Monday, 1 August 2011

Cryptic - More on EncFS & Cryptkeeper

Recently I discovered Cryptkeeper in the Ubuntu Software Centre - it's a front-end for EncFS that sits in the system tray providing hassle-free access to your encrypted directories. Whilst this is undoubtedly a useful applet, it suffers from problems of memory leaks and segmentation faults and, despite the fact that there is a patch available, I've no idea how to fix the problem!

However, like most graphical interfaces, Cryptkeeper is really just a bridge between the user and the command line and the command line is often a "faster and more powerful" way to get things done. So, when I experienced a segfault earlier today, I thought that I'd explore EncFS's options using a terminal. In this post I'll outline the basic commands for creating, mounting, & unmounting an encrypted directory.

Creating an encrypted directory is simple - the command takes the form:

encfs /path/.dir_name /path/dir_name

Let's assume that I want to create an encrypted directory in my /home/usr_name directory called, crypt, my command is:

encfs /home/jogga/.crypt /home/jogga/crypt

I'll be notified that these directories don't exist and prompted to create them - at each prompt, I type y and press enter. I get the following output:

Creating new encrypted volume.
Please choose from one of the following options:
enter "x" for expert configuration mode,
enter "p" for pre-configured paranoia mode,
anything else, or an empty line will select standard mode.

Selecting the standard configurations results in the following output:

Standard configuration selected.
Configuration finished. The filesystem to be created has the following properties:
Filesystem cipher: "ssl/aes", version 2:2:1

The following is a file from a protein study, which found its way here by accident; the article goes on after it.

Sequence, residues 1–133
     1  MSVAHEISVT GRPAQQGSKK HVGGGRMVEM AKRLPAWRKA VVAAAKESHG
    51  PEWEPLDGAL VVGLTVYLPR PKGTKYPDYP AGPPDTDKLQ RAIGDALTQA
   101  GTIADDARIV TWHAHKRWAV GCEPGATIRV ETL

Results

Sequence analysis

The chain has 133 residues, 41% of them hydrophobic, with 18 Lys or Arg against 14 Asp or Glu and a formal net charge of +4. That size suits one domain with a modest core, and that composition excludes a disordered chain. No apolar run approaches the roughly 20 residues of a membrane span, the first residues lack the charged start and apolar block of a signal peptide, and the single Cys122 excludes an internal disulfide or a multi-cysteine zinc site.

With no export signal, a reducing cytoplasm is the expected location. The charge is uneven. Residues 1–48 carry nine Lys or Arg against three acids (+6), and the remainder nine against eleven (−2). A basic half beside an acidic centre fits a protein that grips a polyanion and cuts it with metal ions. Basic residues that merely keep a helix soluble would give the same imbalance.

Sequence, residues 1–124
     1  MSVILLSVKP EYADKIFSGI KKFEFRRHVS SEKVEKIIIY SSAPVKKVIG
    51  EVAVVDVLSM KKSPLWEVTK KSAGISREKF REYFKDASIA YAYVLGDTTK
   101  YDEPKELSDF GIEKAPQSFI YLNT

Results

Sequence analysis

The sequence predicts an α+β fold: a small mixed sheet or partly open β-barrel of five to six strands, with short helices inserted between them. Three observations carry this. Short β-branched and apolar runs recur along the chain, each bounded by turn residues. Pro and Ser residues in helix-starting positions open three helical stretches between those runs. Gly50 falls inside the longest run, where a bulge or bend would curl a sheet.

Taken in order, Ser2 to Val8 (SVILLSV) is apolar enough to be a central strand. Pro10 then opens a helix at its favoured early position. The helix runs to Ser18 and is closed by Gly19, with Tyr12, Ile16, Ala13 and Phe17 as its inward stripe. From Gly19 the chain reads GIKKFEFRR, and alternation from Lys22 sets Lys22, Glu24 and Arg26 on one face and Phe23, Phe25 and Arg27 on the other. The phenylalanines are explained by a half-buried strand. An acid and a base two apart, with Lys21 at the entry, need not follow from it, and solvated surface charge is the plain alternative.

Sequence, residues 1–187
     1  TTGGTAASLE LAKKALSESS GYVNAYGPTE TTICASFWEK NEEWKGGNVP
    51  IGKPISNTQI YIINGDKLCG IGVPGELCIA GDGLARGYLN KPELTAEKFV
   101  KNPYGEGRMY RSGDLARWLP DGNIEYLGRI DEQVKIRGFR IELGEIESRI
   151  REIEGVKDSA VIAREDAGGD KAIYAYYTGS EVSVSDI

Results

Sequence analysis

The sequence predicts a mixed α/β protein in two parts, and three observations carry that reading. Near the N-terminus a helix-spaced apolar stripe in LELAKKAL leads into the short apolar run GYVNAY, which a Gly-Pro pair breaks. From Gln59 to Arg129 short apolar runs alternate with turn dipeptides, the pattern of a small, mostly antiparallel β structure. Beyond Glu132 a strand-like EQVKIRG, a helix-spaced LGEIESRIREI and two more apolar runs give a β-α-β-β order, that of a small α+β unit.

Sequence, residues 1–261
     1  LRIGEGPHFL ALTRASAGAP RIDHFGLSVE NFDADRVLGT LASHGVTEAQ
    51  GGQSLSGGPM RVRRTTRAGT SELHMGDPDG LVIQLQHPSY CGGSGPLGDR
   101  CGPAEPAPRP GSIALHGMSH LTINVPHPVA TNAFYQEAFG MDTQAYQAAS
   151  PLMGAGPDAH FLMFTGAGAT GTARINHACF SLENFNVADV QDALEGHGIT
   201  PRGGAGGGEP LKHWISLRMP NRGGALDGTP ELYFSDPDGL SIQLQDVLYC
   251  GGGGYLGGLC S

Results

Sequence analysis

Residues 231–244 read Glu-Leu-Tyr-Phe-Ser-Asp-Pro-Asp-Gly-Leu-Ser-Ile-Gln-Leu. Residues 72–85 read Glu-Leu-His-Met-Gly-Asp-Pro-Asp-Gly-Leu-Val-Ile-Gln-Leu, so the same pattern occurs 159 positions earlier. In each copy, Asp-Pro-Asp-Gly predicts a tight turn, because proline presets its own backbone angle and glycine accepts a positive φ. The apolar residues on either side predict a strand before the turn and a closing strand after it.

Filename encoding: "nameio/block", version 3:0:1
Key Size: 192 bits
Block Size: 1024 bytes
Each file contains 8 byte header with unique IV data.
Filenames encoded using IV chaining mode.
File holes passed through to ciphertext.

Now you will need to enter a password for your filesystem.
You will need to remember this password, as there is absolutely
no recovery mechanism. However, the password can be changed
later using encfsctl.

New Encfs Password:
Verify Encfs Password:

The new directories are created and mounted - that's it! Mouting existing directories takes the same form as above:

encfs /path/.dir_name /path/dir_name

Now I'll only be prompted for the password and my directory will be open and available to browse using Nautilus. However, if I want to limit the time a directory can remain open, I can add a switch to umount the directory automatically after a period of inactivity:

encfs --idle=time_min /path/.dir_name /path/dir_name

Where time_min is an integer of 1 or more.

Unmounting an encrypted directory takes the form:

fusermount -u /path/dir_name

Having the option to use a terminal should Cryptkeeper crash is useful and saves the trouble of having to reboot the system. Moreover, it's a great way to learn how things work in Linux.

Sources & References:

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